Post

Data show that African American students don’t get the same opportunities and resources to excel as their peers do. And unfortunately, those shortcomings contribute to their low readiness for college and the workplace and exacerbate gaps that develop before children even enter school.

Consider that:

  • Only 35 percent of African American fifth-graders with high math performance are enrolled in algebra 1 by eighth grade, compared with more than 60 percent of their high-performing white peers.
  • Just 3 in 10 African American students with high potential for success in Advanced Placement math or science courses took such a course.
  • About 1 in 7 African American students begin college at a public or private four-year, nonprofit  research institution, where they have the highest chance of success, compared with about 1 in 4 white students.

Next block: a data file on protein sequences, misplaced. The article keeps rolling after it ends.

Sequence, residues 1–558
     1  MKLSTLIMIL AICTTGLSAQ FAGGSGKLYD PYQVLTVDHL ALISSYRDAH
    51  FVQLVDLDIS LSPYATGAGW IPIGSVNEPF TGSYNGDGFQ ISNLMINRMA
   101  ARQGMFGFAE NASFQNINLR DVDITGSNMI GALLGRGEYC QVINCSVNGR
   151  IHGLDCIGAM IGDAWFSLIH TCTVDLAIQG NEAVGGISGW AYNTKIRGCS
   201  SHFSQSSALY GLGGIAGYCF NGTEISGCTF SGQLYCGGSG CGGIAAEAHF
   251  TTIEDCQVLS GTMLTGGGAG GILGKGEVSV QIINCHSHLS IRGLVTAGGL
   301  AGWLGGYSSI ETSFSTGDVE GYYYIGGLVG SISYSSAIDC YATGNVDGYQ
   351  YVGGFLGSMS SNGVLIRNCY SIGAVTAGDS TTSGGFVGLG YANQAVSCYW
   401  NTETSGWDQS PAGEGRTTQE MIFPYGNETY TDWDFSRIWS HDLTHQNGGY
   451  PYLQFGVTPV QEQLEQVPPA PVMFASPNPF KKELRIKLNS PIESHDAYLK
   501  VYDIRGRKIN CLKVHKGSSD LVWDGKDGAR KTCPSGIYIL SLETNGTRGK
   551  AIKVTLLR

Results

To support communities and policymakers in raising awareness and taking action to improve in-school opportunities and outcomes for African American students, we’ve compiled a brief with this and other information on the experiences of these students in elementary, secondary, and postsecondary education (just like the briefs on Latino and Native students that I told you about last week). The State of Education for African American Students also highlights systems and schools that are getting African American students to high levels of achievement.

Read it. Share it. Use it to spark conversations — and action — within your community.

Related Content